SA wins fishing victory in US court

Johannesburg - The US Court of Appeals has delivered a groundbreaking judgment, ordering that three men pay restitution to SA following extensive unlawful harvesting of south and west coast rock lobster in South African waters.

The three, Arnold Bengis, Jeffrey Noll and David Bengis, indulged in the over-fishing between 1987 and 2001.

Bengis was the managing director of Hout Bay Fishing Industries.

The accused had US citizenships at the time of the offence.

The judgment, handed down on Tuesday, follows an investigation by the now-defunct Scorpions and the successful prosecution of Hout Bay Fishing in SA in April 2002.

Hout Bay Fishing paid a fine of R12m and two of its fishing vessels were forfeited to the state.

US authorities commenced their own investigations after being informed of the offences in 2001 by the South African government.
After they were charged in the US the three were sentenced to various terms of imprisonment and were fined a total of $13.3m in 2004. These charges specifically related to violation of American law by importing fish without authorisation.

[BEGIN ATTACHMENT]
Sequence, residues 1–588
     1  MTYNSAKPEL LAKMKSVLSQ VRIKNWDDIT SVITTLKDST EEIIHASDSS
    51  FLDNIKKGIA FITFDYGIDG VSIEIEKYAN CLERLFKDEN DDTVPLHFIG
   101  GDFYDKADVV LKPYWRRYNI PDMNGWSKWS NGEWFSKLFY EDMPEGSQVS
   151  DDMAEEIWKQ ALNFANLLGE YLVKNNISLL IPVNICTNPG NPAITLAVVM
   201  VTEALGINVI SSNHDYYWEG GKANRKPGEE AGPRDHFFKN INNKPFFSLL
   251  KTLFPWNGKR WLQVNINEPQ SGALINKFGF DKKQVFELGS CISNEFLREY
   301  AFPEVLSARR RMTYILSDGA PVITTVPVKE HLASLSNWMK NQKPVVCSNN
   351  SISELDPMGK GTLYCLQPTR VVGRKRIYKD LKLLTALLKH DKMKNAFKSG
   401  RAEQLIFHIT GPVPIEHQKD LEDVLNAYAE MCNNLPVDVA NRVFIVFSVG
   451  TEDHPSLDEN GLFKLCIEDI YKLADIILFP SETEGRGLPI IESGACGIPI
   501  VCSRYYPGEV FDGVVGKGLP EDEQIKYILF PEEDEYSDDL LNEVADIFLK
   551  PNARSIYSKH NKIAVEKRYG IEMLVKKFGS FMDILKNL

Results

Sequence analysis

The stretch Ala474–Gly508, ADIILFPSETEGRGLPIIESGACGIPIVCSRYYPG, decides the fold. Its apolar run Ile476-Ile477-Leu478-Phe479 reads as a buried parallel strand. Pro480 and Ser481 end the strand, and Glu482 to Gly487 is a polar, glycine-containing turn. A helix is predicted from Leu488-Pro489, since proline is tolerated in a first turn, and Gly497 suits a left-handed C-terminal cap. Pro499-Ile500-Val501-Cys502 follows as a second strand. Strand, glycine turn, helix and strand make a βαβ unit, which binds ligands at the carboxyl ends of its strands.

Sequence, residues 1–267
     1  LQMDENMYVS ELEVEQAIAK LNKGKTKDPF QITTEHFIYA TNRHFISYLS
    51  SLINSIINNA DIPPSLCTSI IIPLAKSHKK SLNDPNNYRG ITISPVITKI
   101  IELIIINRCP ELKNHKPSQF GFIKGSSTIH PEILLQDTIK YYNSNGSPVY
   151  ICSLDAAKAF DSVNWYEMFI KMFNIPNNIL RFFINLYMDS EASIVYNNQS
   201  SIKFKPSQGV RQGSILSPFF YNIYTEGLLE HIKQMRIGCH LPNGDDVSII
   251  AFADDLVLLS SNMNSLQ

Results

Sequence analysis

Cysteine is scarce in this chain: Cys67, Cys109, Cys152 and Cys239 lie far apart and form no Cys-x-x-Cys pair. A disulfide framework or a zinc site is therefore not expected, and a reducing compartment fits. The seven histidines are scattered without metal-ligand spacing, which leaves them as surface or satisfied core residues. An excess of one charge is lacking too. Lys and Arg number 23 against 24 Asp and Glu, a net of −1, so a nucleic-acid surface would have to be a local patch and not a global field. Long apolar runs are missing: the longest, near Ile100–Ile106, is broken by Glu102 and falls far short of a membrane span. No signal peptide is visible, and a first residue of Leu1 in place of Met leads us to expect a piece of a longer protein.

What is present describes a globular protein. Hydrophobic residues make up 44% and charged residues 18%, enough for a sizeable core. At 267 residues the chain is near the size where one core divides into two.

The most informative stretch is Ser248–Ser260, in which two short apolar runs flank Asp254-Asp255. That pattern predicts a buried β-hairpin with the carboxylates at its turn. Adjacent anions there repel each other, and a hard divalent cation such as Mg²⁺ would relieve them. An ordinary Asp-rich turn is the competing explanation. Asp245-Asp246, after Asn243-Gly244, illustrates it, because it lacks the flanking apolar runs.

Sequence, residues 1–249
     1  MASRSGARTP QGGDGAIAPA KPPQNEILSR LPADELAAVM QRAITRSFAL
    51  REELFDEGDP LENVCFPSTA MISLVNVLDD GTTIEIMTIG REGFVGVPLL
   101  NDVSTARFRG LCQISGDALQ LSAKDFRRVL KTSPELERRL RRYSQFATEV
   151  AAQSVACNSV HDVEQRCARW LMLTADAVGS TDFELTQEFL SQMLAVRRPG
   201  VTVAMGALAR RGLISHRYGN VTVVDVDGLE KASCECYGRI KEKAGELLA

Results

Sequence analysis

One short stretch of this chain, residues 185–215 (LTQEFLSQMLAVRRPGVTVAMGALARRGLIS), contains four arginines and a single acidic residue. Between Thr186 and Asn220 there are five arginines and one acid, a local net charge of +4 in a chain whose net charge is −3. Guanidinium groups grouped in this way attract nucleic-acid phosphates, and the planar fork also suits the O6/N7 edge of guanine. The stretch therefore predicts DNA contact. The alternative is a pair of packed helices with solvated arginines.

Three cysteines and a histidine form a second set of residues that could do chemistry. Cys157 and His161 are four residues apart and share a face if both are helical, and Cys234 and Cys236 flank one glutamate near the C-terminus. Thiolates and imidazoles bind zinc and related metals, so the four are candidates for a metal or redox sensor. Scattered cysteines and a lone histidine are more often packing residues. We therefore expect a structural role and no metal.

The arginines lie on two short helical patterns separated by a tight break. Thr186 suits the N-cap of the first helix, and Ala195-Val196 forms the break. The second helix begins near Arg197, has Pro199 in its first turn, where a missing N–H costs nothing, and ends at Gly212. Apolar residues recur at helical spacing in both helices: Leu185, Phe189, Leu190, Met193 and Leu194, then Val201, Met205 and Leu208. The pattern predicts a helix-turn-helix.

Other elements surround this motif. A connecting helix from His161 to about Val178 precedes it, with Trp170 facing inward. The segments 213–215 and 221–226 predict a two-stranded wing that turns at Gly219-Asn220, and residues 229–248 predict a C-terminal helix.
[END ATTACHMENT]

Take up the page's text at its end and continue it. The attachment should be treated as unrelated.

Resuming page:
Marius Diemont, a partner at Webber Wentzel specialising in environmental and fisheries law, said that the outcome of this case had been eagerly anticipated around the world.

"This is the first time that a court has determined that a person can be liable for damages from the overharvesting of fish stocks and sets an important international precedent for overharvesting of natural resources."

The amount of restitution is to be determined by a US district court.

Based on comments made by the US Court of Appeals regarding the methodology for determination of the restitution amount, it is possible that restitution of $54.9m could be granted.

This is the cost to restore the lobster fishery to the level it would have been at had there been no overharvesting.

Diemont advised the US department of justice on the South African legal aspects of the case.

"A key aspect of the case was whether it could be established that SA did have a property interest in the overharvested lobster. The Marine Living Resources Act is silent on who owns fish in South African waters. The position in common law is that fish are 'res nullius' - not owned by anyone," he said.

"However, we were able to persuade the US Court of Appeals that the moment fish are illegally caught, the state acquires a property right to that fish, as they are subject to seizure and forfeiture."

The court accepted that SA's interest in illegally harvested fish goes beyond the exercise of regulating fishing in South Africa's waters, Diemont said.
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